Washington, D.C.'s top juvenile-justice official, Vincent Schiraldi, wants to revolutionize how the city deals with youths who've been convicted of crimes, says the Washington City Paper. He believes that his Department of Youth Rehabilitation Services (DYRS), should offer some of the city's toughest kids a shot at a brighter future, not just junior-varsity seasoning to prepare them for time in adult prisons. For a director with no previous experience running a government agency, Schiraldi has an indication that his reform effort is gaining traction: He has pissed off the union representing guards at agency facilities.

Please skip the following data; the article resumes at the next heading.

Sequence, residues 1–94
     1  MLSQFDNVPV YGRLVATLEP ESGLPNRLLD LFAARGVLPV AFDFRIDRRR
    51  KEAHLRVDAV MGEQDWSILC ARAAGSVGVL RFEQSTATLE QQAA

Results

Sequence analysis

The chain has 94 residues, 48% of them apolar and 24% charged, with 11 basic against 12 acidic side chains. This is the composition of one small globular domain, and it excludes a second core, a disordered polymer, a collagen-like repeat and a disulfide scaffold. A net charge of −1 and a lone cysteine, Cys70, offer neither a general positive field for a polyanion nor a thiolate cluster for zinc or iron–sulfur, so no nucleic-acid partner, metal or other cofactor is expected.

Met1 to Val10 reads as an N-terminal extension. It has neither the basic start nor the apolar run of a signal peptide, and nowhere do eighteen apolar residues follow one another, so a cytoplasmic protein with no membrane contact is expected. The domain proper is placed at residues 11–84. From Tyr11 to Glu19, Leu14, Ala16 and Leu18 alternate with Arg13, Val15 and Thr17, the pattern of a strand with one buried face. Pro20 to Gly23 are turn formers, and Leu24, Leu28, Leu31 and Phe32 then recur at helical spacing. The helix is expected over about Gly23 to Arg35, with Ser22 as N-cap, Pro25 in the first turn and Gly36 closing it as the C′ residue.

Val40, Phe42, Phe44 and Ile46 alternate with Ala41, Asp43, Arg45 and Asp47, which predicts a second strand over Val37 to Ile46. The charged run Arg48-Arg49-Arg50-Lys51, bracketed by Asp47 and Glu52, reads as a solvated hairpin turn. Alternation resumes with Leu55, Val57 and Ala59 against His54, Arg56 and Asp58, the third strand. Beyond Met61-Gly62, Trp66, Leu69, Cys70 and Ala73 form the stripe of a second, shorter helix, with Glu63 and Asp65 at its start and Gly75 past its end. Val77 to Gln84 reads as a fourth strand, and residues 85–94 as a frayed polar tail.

The agency runs a 195-bed facility called Oak Hill, a 80-bed Youth Services Center, and a bevy of community-based programs. The department's detention centers have a history of violence, murder, drug use, and escapes. Many of the units at Oak Hill are dimly lit, dingy, and run-down. Mark Steward, who ran the Missouri Division of Youth Services for 18 years, recently surveyed the agency. “I've seen some more-abusive and -violent systems that really treated kids in a bad way, but D.C. had this feeling of neglect–lethargic hopelessness,” Steward says. “[The agency] had been neglected for years and years by previous directors.” While the agency has waited to adopt the Missouri model and laid plans to close Oak Hill in 2009, Schiraldi has initiated alternatives to detention for nonviolent youth offenders and made other changes. “I'm totally impatient,” he says. “We should have done more in a year. I would give myself a C-.”